Many Puritans were opposed to bishops. They argued that the highly-structured church hierarchy of the Church of England was a late invention, not found in the Bible. They said the Church ought to look to Scripture as its constitution not only for doctrine, but also in its organization and governance. Moderate Puritans responded that the Bible didn’t actually give a prescription for a specific form of Church government. What it had were principles that could be applied in different ways. Others insisted that the New Testament Church was ruled by elders called “presbyters.” Then others claimed each congregation ought to be independent. They were creatively dubbed “Independents.”
Baptists rose mostly among this last group. One of their early leaders was John Smyth, an Anglican priest who decided the Church of England had not reformed far enough. He established an independent, and at that time, illegal, congregation. As it grew, Smyth and his followers fled to Amsterdam. There he continued his study of the Bible, and came to the point of refusing to use translations of the Bible in worship, for only the original text had absolute authority. At church, he would read Scripture in Hebrew or Greek, and translate the text as he preached. Partly through his study of Scripture, and partly through contact with Mennonites—whose pacifism and refusal to take oaths, he adopted—e eventually becoming convinced infant baptism was wrong. He then re-baptized himself with a bucket and ladle and proceeded to baptized his followers.
The move of Smyth and his flock to Holland was financed by a wealthy lawyer named Thomas Helwys, who eventually broke with the ever-reforming Smyth. The breaking point of contention was over the taking of vows. Smyth rejected any form of vow while, as a lawyer, Helwys considered them a necessary convention safeguarding social order. Helwys and his followers returned to England, where in 1611 they founded the first Baptist Church in England.
Eventually, to really no one’s surprise, a disagreement arose among English Baptists over theological issues similar to those that had risen between Calvinists and Arminianists. Those who favored the Arminian-flavored path were called General Baptists while Calvinist-leaning Baptists were referred to as Particular Baptists.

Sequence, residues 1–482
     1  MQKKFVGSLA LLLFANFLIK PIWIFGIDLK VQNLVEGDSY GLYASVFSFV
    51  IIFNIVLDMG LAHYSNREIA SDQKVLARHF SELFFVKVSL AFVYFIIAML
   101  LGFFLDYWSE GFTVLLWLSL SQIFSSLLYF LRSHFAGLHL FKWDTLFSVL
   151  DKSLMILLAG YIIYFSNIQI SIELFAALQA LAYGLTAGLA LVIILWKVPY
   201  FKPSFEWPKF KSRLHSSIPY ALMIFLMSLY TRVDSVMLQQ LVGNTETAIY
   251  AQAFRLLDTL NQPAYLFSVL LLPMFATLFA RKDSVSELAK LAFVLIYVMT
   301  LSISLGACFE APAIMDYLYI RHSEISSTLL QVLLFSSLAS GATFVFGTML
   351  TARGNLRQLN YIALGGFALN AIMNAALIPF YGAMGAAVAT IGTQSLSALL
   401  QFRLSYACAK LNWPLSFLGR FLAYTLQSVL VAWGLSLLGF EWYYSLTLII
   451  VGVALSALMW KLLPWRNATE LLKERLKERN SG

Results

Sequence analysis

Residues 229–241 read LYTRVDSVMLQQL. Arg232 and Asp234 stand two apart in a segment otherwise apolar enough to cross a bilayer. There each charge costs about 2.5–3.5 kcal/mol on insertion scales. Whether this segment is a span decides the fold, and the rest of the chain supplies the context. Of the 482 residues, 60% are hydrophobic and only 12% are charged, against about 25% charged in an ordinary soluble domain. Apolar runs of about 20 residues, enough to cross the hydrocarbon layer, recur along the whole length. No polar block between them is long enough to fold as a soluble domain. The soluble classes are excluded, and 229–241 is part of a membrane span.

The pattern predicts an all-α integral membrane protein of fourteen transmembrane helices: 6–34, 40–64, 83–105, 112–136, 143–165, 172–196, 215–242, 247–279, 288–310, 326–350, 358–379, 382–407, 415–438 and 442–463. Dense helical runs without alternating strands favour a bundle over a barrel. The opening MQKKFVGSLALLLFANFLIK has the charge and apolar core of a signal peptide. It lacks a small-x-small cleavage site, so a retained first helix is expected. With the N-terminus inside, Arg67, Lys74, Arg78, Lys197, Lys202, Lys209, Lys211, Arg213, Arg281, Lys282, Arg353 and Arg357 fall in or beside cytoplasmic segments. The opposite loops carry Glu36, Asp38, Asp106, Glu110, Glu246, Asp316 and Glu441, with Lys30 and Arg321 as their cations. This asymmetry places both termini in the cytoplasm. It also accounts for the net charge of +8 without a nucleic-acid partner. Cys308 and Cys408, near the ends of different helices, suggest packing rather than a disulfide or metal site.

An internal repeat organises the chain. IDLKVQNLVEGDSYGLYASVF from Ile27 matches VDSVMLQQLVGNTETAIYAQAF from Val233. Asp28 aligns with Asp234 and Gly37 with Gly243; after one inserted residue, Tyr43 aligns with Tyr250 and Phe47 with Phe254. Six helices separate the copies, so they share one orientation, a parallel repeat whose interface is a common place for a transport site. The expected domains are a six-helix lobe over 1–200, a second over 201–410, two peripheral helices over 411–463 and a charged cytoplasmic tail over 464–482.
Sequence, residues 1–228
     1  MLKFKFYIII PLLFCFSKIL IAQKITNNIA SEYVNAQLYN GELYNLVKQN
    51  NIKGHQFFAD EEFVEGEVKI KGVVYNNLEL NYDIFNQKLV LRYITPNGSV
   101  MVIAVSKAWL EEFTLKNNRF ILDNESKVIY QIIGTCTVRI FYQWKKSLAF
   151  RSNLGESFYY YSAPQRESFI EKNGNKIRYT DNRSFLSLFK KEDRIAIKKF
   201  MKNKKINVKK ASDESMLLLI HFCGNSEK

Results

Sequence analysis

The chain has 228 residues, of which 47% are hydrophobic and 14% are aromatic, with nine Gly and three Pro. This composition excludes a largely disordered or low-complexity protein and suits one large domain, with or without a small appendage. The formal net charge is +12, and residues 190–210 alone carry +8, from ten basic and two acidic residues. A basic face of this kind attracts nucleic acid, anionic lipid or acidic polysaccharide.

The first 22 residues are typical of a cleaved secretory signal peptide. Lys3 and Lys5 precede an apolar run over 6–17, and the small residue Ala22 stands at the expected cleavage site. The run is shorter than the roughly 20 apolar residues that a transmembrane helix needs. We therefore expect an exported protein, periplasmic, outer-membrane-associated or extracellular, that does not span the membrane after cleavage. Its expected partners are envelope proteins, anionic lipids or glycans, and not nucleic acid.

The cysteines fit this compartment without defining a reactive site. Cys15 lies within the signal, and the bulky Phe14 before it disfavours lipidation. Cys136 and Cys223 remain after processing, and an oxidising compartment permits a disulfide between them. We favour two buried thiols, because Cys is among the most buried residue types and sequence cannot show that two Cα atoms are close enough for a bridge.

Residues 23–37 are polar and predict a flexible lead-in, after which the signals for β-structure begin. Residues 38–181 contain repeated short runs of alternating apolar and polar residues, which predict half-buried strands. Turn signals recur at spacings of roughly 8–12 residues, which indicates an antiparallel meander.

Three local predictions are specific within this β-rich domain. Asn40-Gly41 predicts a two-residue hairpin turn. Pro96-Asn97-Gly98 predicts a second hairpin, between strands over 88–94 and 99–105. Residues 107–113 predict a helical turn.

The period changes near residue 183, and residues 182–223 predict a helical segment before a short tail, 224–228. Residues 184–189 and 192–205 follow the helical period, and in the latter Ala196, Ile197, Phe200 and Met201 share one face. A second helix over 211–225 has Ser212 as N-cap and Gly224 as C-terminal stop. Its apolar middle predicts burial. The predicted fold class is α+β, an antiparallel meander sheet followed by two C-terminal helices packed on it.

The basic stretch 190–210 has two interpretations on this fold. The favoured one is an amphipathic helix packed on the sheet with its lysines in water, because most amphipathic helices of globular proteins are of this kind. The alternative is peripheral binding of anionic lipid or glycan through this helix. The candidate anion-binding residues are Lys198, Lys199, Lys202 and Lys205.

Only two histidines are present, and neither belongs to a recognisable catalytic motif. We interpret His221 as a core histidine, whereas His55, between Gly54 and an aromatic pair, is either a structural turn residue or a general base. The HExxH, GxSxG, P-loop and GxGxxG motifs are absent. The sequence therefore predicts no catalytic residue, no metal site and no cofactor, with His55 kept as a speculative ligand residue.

The balance Elizabeth maintained in the Church of England began to wobble under James. While its theology was moderately Calvinist, its worship and governance followed the older Roman order. Puritans feared a movement was under way to return to what they called “Romanism.”
They didn’t trust the new king, whose mother was none other than the Catholic Mary Stuart, AKA Mary, Queen of Scots, who’d been executed by Elizabeth on the charge of treason in plotting to assassinate Elizabeth and take her throne. James didn’t, in fact, favor Catholicism though Puritans assumed he would and hoped to gain concessions. They were repeatedly disappointed. James’ goal was the same kind of absolutist monarchy then in place in France. In Scotland, his Presbyterian subjects hadn’t allowed him to reign as he wished. He thought his chances for absolutism were better in the South. To that end he strengthened the bishops of the English Church as a prop to his own power. He declared, “Without bishops, there is no king,” meaning monarchy is better supported by a hierarchical church structure.
James’ religious policy was similar to Elizabeth’s. The Anabaptists were persecuted because James was offended by their egalitarianism that threatened to up-end the highly stratified English society. For goodness sake; we can’t have peasants thinking they’re as important as nobles. What a catastrophe if humble commoners mixed with blue bloods. So, the Anabaptists with their calling everyone “brother” and “sister” had to be repressed. They were; brutally. And Catholics, who thought James would be their guy, were regarded by him as agents of the Pope, who everyone knew wanted to get rid of James. James said if the pope acknowledged his right to rule and condemned regicide, which a few of the more extreme Catholics pushed for, James would tolerate the presence of Catholics in his realm. Presbyterians, whom the king had come to hate in Scotland, were barely tolerated in England. James did grant them minor concessions, but only to keep them from making trouble.
Tension between Anglican bishops and Puritans grew to a boil during James’s reign. In 1604, Richard Bancroft, archbishop of Canterbury, had a series of canons approved offensive to Puritans. One affirmed that episcopal hierarchy was an institution of divine origin, and that without it there could be no true church. This ostracized the many Protestant churches in Europe that had no bishops. Puritans saw it as provoking a showdown between themselves and the Church of England. Some assumed it was all preparation by the Church of England to reunite with Rome.
James called Parliament to sit for the approval of new taxes to complete some of England’s projects. The House of Commons included many Puritans who joined others in an appeal to the king against Bancroft’s canons. James convened a committee at Hampton Court to consider the canons, over which he presided. When one of the Puritans made reference to the church being governed by a “presbytery,” James announced there would be no closer connection between the monarchy and a presbytery than there COULD be between God and the Devil. All attempts at compromise failed. The only result of meeting was that a new translation of the Bible was approved. It appeared in 1611 and is known today as the KJV. Produced at a high-point in the development of the English language, along with the Book of Common Prayer—the King James Bible became a classic that profoundly influenced later English literature.